[JURIST] A spokesman for the government of Iranian President Mahmoud Ahmadinejad [official website; BBC profile] has urged Iranian prosecutors to pursue charges against several Iranian newspapers who have published articles accusing Ahmadinejad of financial wrongdoing in recent weeks. In a letter sent to Tehran's prosecutor, government spokesman Gholam Hossein Elham accused the media of "spreading lies" and said that the "bulk of false reports against the government should be followed up by the public prosecutor."
The Iranian government began a crackdown on independent media [JURIST report] earlier this year, prompting the Committee to Protect Journalists to particularly condemn Iran's record [JURIST report] in its annual report [text] on media repression. Several lawmakers have questioned the government's letter to the judiciary, saying that if it shouldn't appear that the government is making threats. AFP has more.
[JURIST] Lebanese Prime Minister Fouad Siniora [BBC profile] said Sunday that Israel had committed crimes against humanity during its month-long bombing campaign in the current Middle East conflict [JURIST news archive]. Touring areas outside of Beirut that had been hard hit by the bombings, Siniora called Israel's actions criminal, saying they reflected "Israel's hatred to destroy Lebanon and its unity." Siniora's comments came a day after Israeli forces raided a Hezbollah [CFR backgrounder] stronghold in Lebanon.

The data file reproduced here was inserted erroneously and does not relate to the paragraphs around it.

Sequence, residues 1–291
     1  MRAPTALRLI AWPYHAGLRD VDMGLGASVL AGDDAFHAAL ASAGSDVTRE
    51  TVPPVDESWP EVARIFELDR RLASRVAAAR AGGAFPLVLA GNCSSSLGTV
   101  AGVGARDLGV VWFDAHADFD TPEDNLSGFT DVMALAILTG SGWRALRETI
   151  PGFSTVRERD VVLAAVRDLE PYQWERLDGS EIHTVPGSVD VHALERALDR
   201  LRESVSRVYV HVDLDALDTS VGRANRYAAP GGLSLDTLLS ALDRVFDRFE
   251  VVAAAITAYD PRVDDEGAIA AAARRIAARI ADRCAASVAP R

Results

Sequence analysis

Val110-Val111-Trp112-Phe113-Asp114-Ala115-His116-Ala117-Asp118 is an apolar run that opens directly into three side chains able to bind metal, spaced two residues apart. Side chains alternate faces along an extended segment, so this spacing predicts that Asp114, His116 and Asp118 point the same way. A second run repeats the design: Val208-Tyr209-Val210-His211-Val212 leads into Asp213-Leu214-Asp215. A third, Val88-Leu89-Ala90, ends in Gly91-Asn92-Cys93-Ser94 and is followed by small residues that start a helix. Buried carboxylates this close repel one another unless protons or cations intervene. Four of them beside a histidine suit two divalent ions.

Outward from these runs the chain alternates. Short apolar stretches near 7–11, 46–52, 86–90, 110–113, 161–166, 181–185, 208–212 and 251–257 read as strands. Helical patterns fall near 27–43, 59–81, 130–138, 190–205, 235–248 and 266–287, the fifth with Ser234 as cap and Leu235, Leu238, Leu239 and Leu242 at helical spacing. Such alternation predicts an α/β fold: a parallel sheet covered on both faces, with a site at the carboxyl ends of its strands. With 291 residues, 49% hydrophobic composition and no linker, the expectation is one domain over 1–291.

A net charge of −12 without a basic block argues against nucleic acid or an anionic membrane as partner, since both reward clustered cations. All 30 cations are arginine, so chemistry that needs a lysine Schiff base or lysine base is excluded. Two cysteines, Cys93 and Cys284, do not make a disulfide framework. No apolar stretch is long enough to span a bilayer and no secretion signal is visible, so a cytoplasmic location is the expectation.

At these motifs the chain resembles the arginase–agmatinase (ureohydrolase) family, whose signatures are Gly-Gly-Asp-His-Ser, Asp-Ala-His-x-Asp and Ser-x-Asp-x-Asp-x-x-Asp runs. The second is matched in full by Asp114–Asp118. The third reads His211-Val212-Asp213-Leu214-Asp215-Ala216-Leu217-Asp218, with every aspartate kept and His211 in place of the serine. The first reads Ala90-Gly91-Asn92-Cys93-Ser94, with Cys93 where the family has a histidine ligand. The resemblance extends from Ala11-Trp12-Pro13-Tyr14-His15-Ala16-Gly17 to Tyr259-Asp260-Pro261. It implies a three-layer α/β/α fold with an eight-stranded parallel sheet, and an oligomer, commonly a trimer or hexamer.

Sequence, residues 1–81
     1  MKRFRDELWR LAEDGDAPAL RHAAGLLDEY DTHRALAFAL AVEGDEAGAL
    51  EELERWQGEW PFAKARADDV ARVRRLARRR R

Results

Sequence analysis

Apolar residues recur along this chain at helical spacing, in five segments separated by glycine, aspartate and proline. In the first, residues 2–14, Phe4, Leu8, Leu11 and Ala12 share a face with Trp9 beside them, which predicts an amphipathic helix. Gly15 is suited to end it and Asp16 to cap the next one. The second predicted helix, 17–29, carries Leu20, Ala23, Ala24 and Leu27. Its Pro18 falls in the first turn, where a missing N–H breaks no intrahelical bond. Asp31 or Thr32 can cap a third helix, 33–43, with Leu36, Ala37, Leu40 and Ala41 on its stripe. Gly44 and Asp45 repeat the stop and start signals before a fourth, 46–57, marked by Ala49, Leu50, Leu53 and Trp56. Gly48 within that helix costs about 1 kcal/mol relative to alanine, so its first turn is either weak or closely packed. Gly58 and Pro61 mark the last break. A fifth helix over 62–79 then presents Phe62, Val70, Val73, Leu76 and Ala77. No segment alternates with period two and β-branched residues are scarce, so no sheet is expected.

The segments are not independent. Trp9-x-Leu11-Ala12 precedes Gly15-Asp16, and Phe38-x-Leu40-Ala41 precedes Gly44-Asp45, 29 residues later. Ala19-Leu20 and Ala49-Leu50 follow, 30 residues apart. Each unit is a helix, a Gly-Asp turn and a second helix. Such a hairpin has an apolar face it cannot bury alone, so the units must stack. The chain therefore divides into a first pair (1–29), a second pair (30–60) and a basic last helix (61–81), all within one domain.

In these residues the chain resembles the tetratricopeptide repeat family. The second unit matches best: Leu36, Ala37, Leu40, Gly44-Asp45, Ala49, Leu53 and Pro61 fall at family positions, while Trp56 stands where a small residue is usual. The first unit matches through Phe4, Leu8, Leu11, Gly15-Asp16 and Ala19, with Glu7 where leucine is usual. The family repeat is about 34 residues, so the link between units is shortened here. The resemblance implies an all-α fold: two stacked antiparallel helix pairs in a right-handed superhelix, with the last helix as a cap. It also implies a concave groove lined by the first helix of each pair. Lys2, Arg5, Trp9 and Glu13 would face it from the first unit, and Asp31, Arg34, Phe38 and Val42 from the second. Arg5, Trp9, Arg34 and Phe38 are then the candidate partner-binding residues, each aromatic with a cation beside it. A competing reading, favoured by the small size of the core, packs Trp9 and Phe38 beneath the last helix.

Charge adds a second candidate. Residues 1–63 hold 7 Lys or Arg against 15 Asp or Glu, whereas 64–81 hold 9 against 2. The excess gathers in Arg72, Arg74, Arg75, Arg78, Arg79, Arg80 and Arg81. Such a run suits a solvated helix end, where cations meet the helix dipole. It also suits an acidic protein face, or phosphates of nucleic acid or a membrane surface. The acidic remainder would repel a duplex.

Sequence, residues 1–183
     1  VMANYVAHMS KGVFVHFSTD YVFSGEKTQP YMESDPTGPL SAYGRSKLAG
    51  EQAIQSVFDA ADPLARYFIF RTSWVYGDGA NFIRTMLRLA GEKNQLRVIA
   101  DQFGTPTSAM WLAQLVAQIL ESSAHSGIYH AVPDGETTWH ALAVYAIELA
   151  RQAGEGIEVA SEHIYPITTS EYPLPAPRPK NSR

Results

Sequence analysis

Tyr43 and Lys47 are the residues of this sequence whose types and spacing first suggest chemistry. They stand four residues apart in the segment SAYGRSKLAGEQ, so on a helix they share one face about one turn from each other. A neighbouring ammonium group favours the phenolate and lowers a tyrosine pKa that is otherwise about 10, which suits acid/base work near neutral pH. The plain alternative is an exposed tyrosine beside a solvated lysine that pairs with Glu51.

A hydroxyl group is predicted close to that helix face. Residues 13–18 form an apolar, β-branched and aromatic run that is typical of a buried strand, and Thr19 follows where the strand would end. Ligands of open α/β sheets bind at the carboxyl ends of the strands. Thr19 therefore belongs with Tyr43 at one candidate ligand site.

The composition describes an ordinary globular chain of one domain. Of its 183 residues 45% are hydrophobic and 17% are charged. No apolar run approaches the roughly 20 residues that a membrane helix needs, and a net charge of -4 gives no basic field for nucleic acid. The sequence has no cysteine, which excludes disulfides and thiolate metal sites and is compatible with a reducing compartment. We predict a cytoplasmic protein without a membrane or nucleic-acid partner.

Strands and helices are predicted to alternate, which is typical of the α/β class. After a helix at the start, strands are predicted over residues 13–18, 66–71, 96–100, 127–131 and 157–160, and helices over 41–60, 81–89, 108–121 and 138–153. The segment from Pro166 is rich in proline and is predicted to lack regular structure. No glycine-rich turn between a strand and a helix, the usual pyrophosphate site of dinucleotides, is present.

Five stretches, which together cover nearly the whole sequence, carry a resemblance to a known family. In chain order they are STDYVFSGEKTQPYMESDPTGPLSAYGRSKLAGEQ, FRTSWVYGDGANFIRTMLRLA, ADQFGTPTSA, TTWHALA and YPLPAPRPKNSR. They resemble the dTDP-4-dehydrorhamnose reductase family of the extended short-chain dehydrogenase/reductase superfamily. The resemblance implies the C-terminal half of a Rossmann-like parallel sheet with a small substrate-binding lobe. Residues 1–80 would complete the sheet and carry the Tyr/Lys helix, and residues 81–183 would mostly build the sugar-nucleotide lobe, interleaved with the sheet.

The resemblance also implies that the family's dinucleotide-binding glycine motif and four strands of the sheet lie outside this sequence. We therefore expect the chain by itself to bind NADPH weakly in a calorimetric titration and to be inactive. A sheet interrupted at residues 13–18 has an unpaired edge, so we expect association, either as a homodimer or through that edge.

[JURIST] Palestinian Prime Minister Ismail Haniya [BBC profile] on Sunday called for the release of Deputy Prime Minister and Hamas party member Nasser Shaer, who was arrested [AP report] Saturday morning after Israeli soldiers forced entry into an apartment where Shaer and his family have been hiding for several weeks. Israeli forces took Shaer for questioning as part of its latest crackdown against Hamas [CFR backgrounder] which began after a June 25 cross-border raid when Palestinian militants in the Gaza Strip abducted an Israeli soldier. It remains unknown how Israeli forces tracked down Shaer, who has been using alternate routes to visit his office and has made no public appearances since the June 25 raid. Israeli officials said Shaer was arrested because he belongs to a terrorist organization.
[JURIST] US District Judge T. S. Ellis III has set aside the $10 million verdict [JURIST report] against private military contractor Custer Battles [corporate website], ruling that the former Coalition Provisional Authority (CPA) [official website] in Iraq could not be considered a US government entity. Custer Battles was sued for defrauding the US government under the False Claims Act [text] and a federal jury found the company guilty of 37 fraudulent acts against the CPA, including establishing shell companies, forging invoices, inflating charges, and stealing equipment in an attempt to loot millions of dollars. The civil lawsuit was the first application of the Civil War-era False Claims Act to Iraq war contractors.
A lawsuit under the False Claims Act requires plaintiffs to prove that the defendant presented false claims against the US treasury. The US Justice Department had argued that because US government and military officials distributed CPA funds, fraud against the CPA is tantamount to fraud against the US government [JURIST report]. The jury determined that the False Claims Act applied to the US-financed CPA, but Ellis disagreed in an opinion last week, ruling that the plaintiffs in the lawsuit "failed to prove that the claims were presented to the United States." Ellis instead said that the CPA should be considered an international entity. The New York Times has more.
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